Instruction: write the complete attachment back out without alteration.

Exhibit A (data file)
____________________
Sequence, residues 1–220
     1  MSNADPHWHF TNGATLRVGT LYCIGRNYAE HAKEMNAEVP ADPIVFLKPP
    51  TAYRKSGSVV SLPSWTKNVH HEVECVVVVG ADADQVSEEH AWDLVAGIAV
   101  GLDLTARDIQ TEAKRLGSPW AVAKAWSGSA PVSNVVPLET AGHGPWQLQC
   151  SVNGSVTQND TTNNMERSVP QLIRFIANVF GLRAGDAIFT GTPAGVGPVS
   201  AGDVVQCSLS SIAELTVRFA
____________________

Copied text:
Sequence, residues 1–220
     1  MSNADPHWHF TNGATLRVGT LYCIGRNYAE HAKEMNAEVP ADPIVFLKPP
    51  TAYRKSGSVV SLPSWTKNVH HEVECVVVVG ADADQVSEEH AWDLVAGIAV
   101  GLDLTARDIQ TEAKRLGSPW AVAKAWSGSA PVSNVVPLET AGHGPWQLQC
   151  SVNGSVTQND TTNNMERSVP QLIRFIANVF GLRAGDAIFT GTPAGVGPVS
   201  AGDVVQCSLS SIAELTVRFA